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The Average Salary of a Middle School Athletic Coordinator

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An athletic coordinator, commonly called an athletic director, is an education administrator responsible for overseeing a school's sports program. Just as in high schools and colleges, middle school athletic coordinators are responsible for hiring and firing coaches and other staff, preparing and maintaining budgets, scheduling games and monitoring grades of student-athletes.

Hours and Work Environment

Middle school athletic coordinators commonly work a traditional school work week, taking weekends off. However, the position may require longer hours and travel to evening and weekend games. Coordinators usually have offices in their schools and spend most days communicating with other athletic directors, business managers, other administrators and coaches.

National Salary Averages

Middle school athletic coordinators are categorized with elementary and secondary school administrators by the U.S. Bureau of Labor Statistics. In the low-paying tenth percentile of the field, the average annual salary for an administrator was $58,300 in 2010. Twenty-five percent of the nearly 222,270 administrators earned $70,760 per year. The higest-paid 75th percentile earned $107,220 in 2010. Those in the highest-paid 90th percentile earned $129,490 while the median annual salary was $86,970.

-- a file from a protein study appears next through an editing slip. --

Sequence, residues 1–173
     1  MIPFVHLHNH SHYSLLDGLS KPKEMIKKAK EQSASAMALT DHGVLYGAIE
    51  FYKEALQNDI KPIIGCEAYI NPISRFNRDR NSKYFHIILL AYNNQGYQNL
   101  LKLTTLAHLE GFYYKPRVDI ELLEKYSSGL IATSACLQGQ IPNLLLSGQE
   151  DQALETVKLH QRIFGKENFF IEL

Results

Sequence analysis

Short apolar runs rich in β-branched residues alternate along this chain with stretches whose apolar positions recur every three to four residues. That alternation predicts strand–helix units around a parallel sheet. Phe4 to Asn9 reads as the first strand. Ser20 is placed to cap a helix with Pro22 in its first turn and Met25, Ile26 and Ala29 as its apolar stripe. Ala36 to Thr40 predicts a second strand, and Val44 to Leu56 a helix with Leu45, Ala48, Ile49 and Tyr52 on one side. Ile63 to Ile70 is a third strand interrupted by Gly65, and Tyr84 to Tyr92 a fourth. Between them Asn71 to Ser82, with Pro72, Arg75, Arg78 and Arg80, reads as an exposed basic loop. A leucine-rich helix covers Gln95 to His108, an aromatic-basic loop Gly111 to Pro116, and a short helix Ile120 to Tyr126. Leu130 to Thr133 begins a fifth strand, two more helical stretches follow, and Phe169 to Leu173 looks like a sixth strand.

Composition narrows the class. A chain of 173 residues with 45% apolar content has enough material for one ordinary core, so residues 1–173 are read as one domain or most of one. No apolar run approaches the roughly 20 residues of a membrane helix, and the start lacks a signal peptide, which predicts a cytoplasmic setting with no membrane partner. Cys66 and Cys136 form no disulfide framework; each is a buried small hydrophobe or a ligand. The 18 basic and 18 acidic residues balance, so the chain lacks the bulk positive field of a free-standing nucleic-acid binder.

Middle school athletic coordinators, like other administrators, are required to have a minimum of a bachelor's degree and a state teaching and/or administrator certificate. Some schools require coordinators to have masters degrees. Other qualifications may include experience in coaching, business and as an assistant athletic director.

Stipend Pay

Some middle school athletic coordinators are not part of a permanent staff. Working largely as adjunct staff members, these administrators are paid a stipend to work during a single school year. This is common in smaller school districts where a single athletic director oversees sports for more than one school. Coordinators paid by stipend usually learn less than those those who are permanently staffed.


Jim Hagerty is a writer and journalist who began writing professionally in 1996. He has had articles published in the "Rock River Times," "Builder's Journal" and various websites. He earned a Bachelor of Science in public relations and journalism from Northern Michigan University in Marquette.